Big cuts in infra, education budgets to fund COVID-19 dole outs, medical response
MANILA, Philippines — As the government scrambled to respond to the health and socioeconomic crises caused by the COVID-19 pandemic, budgets for education and infrastructure have been slashed to fund dole-outs and medical response, Department of Budget and Management (DBM) data showed.
The Bayanihan to Heal as One Act allowed the President to realign budget items, and of as end-April, the Department of Public Works and Highways (DPWH) suffered the biggest cut of P121.9 billion, leaving its spending program for 2020 at a lower P458.9 billion from P580.9 billion previously.
The huge reduction in DPWH’s budget seemed out of sync from the economic team’s plan to ramp up infrastructure spending so that the economy could quickly recover post-pandemic.
First-quarter gross domestic product (GDP) declined by 0.2 percent, and economic managers had said that one way to post a “V-shaped” recovery after an ongoing recession during the first half will be through the ambitious “Build, Build, Build” infrastructure program, which the government was currently reviewing to immediately resume the “most impactful” flagship projects.
Next to DPWH is the budget of the Department of Education (DepEd) that was reduced by a hefty P21.9 billion to P499.5 billion, followed by the budget of the Commission on Higher Education (CHEd) that was cut by P13.9 billion to P32.9 billion.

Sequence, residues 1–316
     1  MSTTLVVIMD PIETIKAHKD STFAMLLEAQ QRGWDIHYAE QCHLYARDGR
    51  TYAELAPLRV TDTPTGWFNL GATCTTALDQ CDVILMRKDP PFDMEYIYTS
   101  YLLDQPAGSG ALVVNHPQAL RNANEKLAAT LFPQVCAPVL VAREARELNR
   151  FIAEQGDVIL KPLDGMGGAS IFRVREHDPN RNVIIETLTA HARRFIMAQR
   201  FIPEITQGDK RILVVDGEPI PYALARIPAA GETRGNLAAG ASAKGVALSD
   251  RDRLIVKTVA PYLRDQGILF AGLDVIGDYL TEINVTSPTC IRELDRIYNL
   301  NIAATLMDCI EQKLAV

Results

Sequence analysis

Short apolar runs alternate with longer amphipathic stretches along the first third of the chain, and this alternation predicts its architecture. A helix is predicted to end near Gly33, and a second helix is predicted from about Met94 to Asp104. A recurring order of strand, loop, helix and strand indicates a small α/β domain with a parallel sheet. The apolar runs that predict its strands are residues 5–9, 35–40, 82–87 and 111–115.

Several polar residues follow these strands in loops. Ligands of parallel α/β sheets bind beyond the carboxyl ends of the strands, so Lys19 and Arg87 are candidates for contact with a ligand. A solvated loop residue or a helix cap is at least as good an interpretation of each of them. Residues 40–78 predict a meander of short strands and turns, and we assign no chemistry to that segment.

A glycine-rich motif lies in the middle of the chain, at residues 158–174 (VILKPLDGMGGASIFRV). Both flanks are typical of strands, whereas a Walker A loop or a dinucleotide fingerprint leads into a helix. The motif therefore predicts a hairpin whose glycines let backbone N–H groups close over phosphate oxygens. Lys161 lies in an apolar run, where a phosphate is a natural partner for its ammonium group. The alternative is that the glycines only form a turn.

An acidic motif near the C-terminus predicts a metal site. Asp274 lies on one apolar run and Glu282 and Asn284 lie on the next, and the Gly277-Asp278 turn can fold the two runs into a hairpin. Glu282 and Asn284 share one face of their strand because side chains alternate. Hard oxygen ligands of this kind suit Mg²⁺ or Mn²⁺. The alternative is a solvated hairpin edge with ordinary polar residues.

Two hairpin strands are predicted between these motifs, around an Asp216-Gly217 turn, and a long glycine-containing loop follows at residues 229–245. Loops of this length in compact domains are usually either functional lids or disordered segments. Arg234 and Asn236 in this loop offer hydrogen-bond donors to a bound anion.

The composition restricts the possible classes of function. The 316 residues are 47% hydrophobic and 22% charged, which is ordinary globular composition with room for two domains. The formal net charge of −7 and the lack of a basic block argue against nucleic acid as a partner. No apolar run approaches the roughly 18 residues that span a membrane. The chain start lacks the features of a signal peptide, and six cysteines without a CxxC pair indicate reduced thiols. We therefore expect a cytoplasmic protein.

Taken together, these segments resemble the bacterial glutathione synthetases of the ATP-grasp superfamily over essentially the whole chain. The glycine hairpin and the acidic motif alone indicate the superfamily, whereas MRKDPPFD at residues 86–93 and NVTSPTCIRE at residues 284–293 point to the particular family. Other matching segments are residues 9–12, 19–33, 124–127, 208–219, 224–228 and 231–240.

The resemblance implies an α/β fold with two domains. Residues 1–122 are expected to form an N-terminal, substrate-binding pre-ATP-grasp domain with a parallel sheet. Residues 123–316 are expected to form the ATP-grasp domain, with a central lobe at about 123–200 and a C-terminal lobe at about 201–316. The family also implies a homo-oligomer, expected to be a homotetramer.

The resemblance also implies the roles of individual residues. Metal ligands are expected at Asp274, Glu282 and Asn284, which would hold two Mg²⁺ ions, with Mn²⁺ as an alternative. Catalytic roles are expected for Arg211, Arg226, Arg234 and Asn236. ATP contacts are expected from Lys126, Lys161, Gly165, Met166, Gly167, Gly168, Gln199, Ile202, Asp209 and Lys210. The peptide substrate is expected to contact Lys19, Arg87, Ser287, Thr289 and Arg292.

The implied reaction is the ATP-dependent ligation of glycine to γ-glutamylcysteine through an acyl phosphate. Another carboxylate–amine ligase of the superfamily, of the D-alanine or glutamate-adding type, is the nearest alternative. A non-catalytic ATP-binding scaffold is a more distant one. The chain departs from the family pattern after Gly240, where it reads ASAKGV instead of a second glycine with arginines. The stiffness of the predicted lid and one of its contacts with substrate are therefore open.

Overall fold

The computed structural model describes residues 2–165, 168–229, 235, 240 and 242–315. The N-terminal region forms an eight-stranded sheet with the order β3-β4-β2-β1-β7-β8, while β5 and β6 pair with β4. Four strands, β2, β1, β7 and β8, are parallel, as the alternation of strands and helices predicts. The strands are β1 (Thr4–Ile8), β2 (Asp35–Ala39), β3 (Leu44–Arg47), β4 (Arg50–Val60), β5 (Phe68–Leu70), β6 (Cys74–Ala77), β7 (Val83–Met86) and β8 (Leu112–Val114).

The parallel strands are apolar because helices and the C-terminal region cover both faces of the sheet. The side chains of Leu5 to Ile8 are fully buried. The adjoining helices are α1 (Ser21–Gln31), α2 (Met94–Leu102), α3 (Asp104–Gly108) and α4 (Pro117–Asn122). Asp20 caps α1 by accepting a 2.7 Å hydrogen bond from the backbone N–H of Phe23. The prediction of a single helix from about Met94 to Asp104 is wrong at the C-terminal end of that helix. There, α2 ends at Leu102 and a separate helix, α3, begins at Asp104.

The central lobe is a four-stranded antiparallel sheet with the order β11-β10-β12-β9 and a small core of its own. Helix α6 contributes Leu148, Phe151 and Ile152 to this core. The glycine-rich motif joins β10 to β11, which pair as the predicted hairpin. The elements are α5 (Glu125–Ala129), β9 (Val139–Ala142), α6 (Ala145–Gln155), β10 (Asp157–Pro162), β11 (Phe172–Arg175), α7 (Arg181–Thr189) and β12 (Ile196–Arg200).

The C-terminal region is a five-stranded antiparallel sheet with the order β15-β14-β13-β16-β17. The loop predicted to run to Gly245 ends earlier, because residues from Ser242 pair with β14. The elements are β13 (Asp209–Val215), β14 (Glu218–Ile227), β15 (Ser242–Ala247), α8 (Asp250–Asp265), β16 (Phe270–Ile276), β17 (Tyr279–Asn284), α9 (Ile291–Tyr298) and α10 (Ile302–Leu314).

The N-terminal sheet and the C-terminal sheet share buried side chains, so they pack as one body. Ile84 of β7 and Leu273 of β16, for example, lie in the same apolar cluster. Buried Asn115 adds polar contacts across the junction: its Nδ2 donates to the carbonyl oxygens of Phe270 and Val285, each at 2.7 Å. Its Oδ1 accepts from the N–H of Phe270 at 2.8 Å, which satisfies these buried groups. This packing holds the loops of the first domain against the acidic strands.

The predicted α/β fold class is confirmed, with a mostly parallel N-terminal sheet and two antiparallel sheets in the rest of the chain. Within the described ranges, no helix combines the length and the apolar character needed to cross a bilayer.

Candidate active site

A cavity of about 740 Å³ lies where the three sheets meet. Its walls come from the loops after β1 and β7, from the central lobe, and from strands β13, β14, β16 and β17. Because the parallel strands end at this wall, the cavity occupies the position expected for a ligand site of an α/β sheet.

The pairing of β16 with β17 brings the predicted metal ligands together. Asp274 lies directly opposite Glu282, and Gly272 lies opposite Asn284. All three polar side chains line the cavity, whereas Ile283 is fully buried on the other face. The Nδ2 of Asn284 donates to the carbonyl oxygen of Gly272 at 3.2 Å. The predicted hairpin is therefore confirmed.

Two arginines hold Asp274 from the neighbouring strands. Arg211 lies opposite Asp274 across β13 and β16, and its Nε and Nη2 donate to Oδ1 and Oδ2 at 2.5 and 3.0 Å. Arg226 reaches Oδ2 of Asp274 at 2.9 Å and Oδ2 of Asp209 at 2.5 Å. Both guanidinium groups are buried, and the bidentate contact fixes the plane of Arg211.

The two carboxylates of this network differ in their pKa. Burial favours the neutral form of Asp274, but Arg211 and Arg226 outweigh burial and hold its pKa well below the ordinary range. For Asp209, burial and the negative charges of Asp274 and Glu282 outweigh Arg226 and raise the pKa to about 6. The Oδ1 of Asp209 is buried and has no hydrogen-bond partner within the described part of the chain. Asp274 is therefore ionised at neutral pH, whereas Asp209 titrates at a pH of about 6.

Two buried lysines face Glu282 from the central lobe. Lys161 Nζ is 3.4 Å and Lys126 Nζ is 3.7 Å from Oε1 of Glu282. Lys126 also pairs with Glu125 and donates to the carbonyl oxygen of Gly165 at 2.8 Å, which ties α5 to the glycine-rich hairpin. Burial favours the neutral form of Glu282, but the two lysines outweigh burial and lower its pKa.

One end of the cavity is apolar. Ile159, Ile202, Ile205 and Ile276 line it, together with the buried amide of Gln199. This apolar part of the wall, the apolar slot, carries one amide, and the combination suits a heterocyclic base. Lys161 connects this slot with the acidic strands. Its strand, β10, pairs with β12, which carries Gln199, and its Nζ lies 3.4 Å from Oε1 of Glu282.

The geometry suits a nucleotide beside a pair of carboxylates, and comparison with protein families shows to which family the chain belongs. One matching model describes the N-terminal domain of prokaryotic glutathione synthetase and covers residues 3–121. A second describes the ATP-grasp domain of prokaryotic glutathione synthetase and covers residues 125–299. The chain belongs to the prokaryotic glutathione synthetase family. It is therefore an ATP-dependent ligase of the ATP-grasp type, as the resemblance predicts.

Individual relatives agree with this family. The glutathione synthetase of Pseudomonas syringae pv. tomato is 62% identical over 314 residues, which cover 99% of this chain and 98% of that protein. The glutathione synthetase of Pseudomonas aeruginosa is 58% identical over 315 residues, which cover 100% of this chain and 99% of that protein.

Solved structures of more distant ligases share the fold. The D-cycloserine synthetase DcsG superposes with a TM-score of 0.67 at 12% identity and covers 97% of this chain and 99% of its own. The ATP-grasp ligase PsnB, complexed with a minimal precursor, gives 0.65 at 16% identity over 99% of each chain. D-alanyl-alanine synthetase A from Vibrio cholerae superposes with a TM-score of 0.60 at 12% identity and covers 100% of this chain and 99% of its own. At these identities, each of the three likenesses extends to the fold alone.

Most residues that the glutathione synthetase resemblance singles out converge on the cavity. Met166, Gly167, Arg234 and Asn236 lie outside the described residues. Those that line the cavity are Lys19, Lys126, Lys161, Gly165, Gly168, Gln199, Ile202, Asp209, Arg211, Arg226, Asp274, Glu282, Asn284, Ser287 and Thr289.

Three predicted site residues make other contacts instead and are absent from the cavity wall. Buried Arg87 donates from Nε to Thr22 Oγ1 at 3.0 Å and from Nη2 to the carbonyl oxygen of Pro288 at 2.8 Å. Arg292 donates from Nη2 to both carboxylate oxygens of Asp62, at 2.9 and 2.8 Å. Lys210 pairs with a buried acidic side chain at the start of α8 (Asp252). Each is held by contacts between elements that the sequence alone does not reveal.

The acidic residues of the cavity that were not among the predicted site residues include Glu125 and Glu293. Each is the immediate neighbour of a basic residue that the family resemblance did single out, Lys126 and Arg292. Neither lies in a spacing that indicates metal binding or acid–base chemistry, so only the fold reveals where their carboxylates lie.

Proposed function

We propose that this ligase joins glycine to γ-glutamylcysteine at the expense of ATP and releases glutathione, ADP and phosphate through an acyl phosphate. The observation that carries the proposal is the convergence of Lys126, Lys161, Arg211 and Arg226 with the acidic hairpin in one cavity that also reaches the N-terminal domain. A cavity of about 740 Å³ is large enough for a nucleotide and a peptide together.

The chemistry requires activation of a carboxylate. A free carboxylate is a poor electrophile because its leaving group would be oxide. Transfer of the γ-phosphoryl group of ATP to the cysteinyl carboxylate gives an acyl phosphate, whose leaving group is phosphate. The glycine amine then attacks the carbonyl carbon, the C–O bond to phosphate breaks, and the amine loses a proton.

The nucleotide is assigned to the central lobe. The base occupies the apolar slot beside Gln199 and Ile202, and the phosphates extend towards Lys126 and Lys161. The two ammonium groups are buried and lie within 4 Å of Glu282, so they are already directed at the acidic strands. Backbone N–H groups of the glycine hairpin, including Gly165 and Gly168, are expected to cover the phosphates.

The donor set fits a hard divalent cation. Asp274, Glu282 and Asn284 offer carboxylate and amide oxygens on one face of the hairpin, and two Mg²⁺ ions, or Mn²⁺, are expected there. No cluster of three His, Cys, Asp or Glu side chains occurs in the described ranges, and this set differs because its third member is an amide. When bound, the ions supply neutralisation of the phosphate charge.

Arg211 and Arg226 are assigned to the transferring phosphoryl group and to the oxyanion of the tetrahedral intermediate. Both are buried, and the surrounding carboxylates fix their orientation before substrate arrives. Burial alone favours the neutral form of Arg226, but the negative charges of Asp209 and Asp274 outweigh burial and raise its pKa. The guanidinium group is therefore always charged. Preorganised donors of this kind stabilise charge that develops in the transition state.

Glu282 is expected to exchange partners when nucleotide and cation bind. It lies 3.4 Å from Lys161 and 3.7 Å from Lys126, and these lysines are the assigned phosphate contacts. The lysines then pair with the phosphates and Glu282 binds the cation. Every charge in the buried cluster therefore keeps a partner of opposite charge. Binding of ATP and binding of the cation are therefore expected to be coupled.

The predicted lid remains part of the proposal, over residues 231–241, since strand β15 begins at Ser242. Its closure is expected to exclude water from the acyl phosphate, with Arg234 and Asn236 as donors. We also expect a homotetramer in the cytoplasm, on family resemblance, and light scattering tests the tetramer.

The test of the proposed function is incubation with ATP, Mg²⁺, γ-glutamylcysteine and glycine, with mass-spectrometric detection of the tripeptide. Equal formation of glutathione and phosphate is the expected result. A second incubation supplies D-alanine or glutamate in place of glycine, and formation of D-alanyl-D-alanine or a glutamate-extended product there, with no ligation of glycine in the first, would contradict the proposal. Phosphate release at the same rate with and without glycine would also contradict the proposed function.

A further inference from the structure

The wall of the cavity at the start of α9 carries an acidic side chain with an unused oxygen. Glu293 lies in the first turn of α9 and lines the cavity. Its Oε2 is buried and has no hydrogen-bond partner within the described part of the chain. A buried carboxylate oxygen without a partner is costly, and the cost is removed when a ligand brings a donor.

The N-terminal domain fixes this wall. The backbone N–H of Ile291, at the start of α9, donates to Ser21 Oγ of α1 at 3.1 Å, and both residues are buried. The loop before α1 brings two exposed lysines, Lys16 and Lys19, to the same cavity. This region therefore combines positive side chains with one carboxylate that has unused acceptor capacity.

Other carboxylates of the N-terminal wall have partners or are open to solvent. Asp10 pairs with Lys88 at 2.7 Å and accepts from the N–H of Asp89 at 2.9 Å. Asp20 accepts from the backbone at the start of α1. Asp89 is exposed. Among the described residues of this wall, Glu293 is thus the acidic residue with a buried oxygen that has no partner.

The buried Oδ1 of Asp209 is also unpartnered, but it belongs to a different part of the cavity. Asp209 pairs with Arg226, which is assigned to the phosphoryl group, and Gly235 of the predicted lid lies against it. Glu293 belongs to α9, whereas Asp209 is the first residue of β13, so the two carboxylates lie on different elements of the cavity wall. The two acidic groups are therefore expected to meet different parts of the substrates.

State universities and colleges (SUCs), meanwhile, were inflicted with a P7.6-billion reduction in their 2020 allotments, to a smaller P66.1 billion.
These budget cuts on education agencies and institutions came at a time when public schools needed to adjust to online means of learning amid a “new normal” of social distancing before classes start by August.
DBM data as of April showed the following government agencies also had their budgets reduced: Department of Agriculture (P11.7 billion); Department of Environment and Natural Resources (P68.7 million); Department of Foreign Affairs (P378.8 million); Department of Human Settlements and Urban Development (P250.5 million); Department of Information and Communications Technology (P6.2 billion); Department of the Interior and Local Government (P3.1 billion); Department of Justice (P78.6 million); Department of National Defense (P6.7 billion); Department of Tourism (P824.4 million); Department of Trade and Industry (P4.1 billion); Department of Transportation (P8.8 billion); National Economic and Development Authority (P484.3 million); Presidential Communications Operations Office (P25 million); and Commission on Human Rights (P37 million).
In all, government departments suffered a net cut of P5.3 billion in their budgets, even as four agencies in the frontlines fighting COVID-19, saw bigger 2020 allocations, namely: Department of Finance (DOF), with an additional P35.3 billion to P53.8 billion; Department of Health (DOH), additional P1.9 billion to P102.9 billion; Department of Labor and Employment (Dole), additional P1.5 billion to P18.9 billion; and Department of Social Welfare and Development (DSWD), with the biggest additional funds of P165.2 billion, more than doubling its budget for this year to over P329 billion from P163.8 billion originally.